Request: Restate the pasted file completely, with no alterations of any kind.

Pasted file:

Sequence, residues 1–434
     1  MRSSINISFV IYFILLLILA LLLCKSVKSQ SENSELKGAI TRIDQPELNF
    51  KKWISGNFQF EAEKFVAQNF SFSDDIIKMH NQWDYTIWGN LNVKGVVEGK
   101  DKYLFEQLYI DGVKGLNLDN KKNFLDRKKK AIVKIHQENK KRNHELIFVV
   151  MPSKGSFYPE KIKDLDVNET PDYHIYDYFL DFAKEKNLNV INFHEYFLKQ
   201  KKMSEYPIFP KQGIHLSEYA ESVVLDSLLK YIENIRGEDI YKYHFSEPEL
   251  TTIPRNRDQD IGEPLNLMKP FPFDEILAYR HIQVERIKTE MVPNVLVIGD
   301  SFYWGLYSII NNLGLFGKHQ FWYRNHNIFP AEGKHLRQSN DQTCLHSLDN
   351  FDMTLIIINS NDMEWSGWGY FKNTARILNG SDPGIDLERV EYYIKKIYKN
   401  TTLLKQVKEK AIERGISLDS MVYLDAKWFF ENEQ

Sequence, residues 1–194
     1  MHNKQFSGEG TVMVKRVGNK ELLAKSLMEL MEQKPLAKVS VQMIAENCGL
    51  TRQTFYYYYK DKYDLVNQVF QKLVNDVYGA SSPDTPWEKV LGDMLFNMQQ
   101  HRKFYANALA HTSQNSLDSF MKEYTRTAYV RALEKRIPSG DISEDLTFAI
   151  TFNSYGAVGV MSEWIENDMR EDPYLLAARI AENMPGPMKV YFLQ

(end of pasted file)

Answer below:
Sequence, residues 1–434
     1  MRSSINISFV IYFILLLILA LLLCKSVKSQ SENSELKGAI TRIDQPELNF
    51  KKWISGNFQF EAEKFVAQNF SFSDDIIKMH NQWDYTIWGN LNVKGVVEGK
   101  DKYLFEQLYI DGVKGLNLDN KKNFLDRKKK AIVKIHQENK KRNHELIFVV
   151  MPSKGSFYPE KIKDLDVNET PDYHIYDYFL DFAKEKNLNV INFHEYFLKQ
   201  KKMSEYPIFP KQGIHLSEYA ESVVLDSLLK YIENIRGEDI YKYHFSEPEL
   251  TTIPRNRDQD IGEPLNLMKP FPFDEILAYR HIQVERIKTE MVPNVLVIGD
   301  SFYWGLYSII NNLGLFGKHQ FWYRNHNIFP AEGKHLRQSN DQTCLHSLDN
   351  FDMTLIIINS NDMEWSGWGY FKNTARILNG SDPGIDLERV EYYIKKIYKN
   401  TTLLKQVKEK AIERGISLDS MVYLDAKWFF ENEQ

Sequence, residues 1–194
     1  MHNKQFSGEG TVMVKRVGNK ELLAKSLMEL MEQKPLAKVS VQMIAENCGL
    51  TRQTFYYYYK DKYDLVNQVF QKLVNDVYGA SSPDTPWEKV LGDMLFNMQQ
   101  HRKFYANALA HTSQNSLDSF MKEYTRTAYV RALEKRIPSG DISEDLTFAI
   151  TFNSYGAVGV MSEWIENDMR EDPYLLAARI AENMPGPMKV YFLQ